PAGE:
What is SI Joint Pain and dysfunction? How can it affect your life and can it really be the cause of all of your back, hip, knee and even pelvic floor discomfort?

SI Joint pain and dysfunction may easily be one of the most under-diagnosed and poorly treated physical ailments. The reason for this is that it’s not always JUST pain that you get in the SI Joint. It often manifests as hip pain, low back pain, knee or groin pain, sciatica, and even pelvic floor pain. The problem is that most of the time, treatment focuses on the pain spot, instead of fixing the SIJ dysfunction. So over the years issues “move around” or the pain keeps coming back.

This leads patients and practitioners alike throwing up their hands in confusion after they’re exhausted from chasing the pain. If you’re someone who’s had multiple issues in the hips, legs, low back, and/or pelvic floor area, chances are that you have SI Joint dysfunction. If you’ve had treatment for pain in any of these areas or even SI Joint pain, and it has continued to come back even after treatment, it’s likely that the treatment strategy was incomplete.

Have you already tried massage, chiropractic, prolotherapy, exercises, or pain medication, or a combination of these with little to no lasting results? The good news is you already know what doesn’t work.

Why Haven’t These Things Worked?

To put it simply, most treatments for SI Joint pain and dysfunction are fragmented. They only consider one piece of the puzzle. It’s kind of like baking a cake with only flour and milk, you’re missing a lot of key ingredients! Massage will get your muscle tension to go down for a while, but it will come back. Chiropractic will give you some relief from your compressed joints, but your muscles will still be programmed to return you to the same issue. You might have heard of prolotherapy which can help with stability, but cannot fix your movements. Various pain medication is just a temporary bandaid and affects your daily life and mental clarity.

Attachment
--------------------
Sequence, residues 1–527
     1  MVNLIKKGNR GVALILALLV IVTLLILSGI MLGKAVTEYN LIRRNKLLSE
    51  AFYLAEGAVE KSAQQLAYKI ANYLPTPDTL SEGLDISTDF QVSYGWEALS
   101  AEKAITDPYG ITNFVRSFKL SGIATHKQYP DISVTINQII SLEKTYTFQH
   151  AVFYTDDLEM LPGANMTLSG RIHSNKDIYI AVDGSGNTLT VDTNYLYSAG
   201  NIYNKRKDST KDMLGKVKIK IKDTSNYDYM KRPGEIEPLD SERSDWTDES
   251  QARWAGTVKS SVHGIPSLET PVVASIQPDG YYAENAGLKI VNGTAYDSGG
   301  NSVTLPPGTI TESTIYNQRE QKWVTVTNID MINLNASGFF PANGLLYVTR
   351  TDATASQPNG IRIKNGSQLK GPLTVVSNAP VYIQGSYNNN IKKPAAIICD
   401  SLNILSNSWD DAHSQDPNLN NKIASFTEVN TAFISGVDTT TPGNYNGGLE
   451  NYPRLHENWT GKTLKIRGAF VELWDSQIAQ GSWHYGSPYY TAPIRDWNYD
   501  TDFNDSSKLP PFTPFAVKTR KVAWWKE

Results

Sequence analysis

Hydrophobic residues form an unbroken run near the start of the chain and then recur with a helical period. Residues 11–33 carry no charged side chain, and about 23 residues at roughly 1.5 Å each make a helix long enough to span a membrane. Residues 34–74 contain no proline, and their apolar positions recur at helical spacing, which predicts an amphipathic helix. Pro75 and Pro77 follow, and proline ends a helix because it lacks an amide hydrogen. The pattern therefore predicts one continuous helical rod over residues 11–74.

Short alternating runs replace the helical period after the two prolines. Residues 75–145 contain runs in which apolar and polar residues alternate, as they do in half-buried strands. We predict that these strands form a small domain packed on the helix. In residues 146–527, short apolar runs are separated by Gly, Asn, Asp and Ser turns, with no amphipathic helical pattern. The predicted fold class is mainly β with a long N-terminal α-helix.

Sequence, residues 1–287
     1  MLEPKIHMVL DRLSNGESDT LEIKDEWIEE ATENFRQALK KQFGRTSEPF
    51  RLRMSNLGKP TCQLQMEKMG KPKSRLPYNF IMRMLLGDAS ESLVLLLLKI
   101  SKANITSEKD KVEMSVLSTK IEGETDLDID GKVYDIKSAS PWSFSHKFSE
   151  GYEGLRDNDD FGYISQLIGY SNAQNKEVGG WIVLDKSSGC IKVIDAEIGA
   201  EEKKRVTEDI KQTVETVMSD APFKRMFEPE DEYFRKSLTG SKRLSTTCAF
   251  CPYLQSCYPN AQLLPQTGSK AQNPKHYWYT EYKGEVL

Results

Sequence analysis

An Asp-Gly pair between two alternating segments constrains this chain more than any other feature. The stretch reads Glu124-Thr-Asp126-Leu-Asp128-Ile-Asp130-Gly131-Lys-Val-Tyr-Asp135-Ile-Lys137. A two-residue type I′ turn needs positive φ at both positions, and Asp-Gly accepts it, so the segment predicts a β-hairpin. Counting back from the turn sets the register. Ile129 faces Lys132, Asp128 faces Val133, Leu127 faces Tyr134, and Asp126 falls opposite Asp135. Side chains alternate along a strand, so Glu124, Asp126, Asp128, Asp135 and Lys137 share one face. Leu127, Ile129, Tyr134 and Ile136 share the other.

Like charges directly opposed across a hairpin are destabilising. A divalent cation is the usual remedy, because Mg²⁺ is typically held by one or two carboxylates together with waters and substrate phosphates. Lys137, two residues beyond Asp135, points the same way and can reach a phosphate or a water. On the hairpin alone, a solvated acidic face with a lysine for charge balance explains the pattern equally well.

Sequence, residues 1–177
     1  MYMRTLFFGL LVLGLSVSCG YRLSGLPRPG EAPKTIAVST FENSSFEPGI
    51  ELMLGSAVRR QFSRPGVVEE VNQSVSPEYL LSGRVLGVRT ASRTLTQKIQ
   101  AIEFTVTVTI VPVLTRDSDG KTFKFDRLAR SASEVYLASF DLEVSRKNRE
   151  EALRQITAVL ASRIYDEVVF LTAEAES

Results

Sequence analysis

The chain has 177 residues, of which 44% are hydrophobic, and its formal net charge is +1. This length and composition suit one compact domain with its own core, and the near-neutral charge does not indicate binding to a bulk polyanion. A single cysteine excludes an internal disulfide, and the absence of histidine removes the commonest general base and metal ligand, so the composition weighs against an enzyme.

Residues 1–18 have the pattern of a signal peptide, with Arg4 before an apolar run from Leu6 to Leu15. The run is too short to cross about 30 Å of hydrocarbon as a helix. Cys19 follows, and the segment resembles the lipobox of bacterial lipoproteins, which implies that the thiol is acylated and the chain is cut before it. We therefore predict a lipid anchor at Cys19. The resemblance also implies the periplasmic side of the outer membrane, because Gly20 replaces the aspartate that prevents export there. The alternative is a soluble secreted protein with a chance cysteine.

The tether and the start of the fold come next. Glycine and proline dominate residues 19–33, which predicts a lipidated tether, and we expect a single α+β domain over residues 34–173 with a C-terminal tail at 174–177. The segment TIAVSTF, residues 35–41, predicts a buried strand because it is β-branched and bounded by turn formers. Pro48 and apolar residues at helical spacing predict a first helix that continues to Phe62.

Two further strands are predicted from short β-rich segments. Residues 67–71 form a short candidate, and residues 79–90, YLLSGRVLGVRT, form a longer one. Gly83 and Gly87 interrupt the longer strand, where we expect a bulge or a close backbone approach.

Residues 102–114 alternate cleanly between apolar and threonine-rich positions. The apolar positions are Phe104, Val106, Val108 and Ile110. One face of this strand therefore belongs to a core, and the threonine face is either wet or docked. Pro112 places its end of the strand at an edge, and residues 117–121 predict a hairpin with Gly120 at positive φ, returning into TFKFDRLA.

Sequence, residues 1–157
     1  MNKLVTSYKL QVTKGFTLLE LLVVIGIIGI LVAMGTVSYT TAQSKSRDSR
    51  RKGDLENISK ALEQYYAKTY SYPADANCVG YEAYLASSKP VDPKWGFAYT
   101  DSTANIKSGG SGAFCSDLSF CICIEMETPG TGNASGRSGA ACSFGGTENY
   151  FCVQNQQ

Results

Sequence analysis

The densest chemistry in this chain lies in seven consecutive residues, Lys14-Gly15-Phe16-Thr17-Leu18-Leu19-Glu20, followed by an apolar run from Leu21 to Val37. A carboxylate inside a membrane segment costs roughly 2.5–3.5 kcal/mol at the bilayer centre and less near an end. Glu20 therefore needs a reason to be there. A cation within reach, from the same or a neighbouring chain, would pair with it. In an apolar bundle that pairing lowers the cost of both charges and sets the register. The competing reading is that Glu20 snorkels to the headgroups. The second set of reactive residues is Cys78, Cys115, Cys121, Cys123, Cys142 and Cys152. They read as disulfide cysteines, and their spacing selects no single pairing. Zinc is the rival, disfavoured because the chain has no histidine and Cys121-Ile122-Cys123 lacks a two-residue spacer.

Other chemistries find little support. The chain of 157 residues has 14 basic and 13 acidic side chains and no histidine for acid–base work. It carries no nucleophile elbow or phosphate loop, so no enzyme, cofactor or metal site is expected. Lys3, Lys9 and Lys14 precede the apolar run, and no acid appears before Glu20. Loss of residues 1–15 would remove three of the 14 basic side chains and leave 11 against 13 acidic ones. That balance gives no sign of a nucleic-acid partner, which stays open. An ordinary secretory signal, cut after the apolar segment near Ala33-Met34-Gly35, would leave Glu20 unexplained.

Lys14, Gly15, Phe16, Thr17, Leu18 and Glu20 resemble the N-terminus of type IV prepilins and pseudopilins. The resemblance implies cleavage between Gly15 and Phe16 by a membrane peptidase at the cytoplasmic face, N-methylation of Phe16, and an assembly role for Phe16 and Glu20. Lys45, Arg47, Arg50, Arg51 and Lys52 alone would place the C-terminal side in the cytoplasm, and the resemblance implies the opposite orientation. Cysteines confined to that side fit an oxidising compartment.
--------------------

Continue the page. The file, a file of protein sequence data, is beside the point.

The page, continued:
The reason these things don’t work is that they’ve failed to consider the entire movement system. By the entire system I mean the brain, muscles, nerves, ligament stability, and movement. All of these components have to be addressed to resolve SI Joint pain and dysfunction. If you miss one, the body will simply return to how it has been doing things and you’ll be back in pain. Treatments that used to last for months or weeks, will last just days or hours. When you address the entire movement system, people start to get lasting, and oftentimes permanent relief. If you’re curious to read more on this approach, head over to our 5-step treatment process.

How Can Working With An Expert Help SI Joint Pain?

To fix SIJ pain and discomfort requires a strategy, not a protocol. A protocol is followed rigidly, while a strategy is flexible and can adapt to each patient depending on their own patterns of dysfunction. There are 45 muscles that attach to your pelvis. A dysfunction in your SIJ leads any number of these muscles to over-act, or under-act. This leads to new patterns between the brain and your muscles and joints. As someone progresses through treatment it’s the role of the practitioner to constantly evaluate which muscles have been chronically over-active and which have been under-active. You have to get the under-active ones to be more active before the over-active ones will calm down.

Once balance is achieved, the expert’s role is to guide you through a strength and movement protocol that will assist with “tightening up” your structure and the way you move. Because everyone is different, there’s no way to have one protocol to resolve this issue. The underlying strategy is critical to understand, and that is what allows you to adapt the treatment process to the individuals presentation. Like I mentioned before, SI Joint pain and dysfunction can have detrimental effects on the legs, hips, back, and even the pelvic floor. Due to the fact that each region of the body depends on the next (regional interdependence), SI Joint dysfunction can even contribute to pain in your ankles, feet, shoulders, and neck.

The question you must ask yourself is this. Am I more likely to have multiple issues? Or do I have one central issue that is causing a lot of other little issues?

If you’re ready to work with an expert, click the button below to see if we have availability to start working with you.

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